Monday, October 30, 2006
Part of building the Music Thing Shop is finding 'partners' who'll actually ship the stuff out and take your money. I'd be very grateful for any feedback on buying from these companies:
• Musician's Friend
• Dolphin Music
• Nova Musik
(And yes, I know that Analogue Haven is cool, and we're working on doing something together)
Posted by jemblankz at 10:09 AM
I've always wondered why my cables are all tangled and dangling from a coat hook on the back of my office door. Now I know. I was reading this page about training courses for roadies (or 'stagehands' as they like to be called). It quickly becomes clear that roadies' main issues are: a) Incorrect cable rolling b) Abuse of flight case castors c) Lewd language d) Body odour.
I had no idea about the politics surrounding cable rolling: "Our company rolls all cables in the circular method - thumb and forefinger style. However, we also teach over-and-under, because stagehands also need to know how to do this for other customers.". I was baffled by this, and unfortunately this explanation didn't help. Finally, I found this page from the Sound Institute which promises "nice-looking, twist-free cables that provide fast set up". I wonder if someone who can do this could post it on YouTube, a bit like this...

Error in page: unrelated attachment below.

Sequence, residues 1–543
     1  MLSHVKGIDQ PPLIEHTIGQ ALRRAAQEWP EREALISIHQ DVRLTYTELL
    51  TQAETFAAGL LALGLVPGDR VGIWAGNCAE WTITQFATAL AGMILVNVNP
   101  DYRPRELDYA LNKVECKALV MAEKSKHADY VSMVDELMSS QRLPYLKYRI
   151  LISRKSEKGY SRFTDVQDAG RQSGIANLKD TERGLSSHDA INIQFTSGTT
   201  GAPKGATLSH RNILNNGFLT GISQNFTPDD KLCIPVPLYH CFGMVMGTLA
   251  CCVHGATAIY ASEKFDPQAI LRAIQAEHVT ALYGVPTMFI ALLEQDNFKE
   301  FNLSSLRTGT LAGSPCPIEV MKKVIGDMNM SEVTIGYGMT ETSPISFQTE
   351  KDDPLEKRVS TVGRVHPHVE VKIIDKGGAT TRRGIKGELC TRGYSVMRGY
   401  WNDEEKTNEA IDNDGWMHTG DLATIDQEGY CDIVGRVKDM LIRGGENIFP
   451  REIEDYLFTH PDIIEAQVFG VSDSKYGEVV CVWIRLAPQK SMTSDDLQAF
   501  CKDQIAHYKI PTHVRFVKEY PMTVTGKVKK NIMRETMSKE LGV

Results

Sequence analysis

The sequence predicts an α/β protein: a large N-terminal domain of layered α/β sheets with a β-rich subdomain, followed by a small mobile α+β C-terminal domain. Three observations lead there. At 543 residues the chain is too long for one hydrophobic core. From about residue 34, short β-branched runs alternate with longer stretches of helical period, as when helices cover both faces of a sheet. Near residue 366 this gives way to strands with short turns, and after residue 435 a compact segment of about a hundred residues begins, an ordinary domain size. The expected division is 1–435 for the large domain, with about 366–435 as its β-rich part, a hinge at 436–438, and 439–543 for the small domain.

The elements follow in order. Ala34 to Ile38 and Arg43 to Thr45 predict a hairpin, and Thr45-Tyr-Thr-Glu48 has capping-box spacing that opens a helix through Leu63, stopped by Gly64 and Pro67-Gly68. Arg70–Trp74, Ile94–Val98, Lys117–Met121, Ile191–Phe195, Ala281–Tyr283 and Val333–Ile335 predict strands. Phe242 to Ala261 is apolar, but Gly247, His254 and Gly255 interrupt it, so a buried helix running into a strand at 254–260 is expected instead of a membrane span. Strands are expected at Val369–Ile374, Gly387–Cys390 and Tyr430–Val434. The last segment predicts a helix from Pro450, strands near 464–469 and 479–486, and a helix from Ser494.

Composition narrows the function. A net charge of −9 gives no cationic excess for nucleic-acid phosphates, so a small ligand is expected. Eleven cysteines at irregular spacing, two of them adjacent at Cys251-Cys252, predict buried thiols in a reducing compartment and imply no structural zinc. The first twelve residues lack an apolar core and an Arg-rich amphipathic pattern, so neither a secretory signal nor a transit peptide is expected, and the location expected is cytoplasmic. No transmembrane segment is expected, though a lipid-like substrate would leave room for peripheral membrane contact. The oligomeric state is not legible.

UPDATE: Thanks to Kåre, my dream has come true: Here is a video explaining how to wrap cables correctly, using the 'over/under' technique.
Posted by jemblankz at 9:36 AM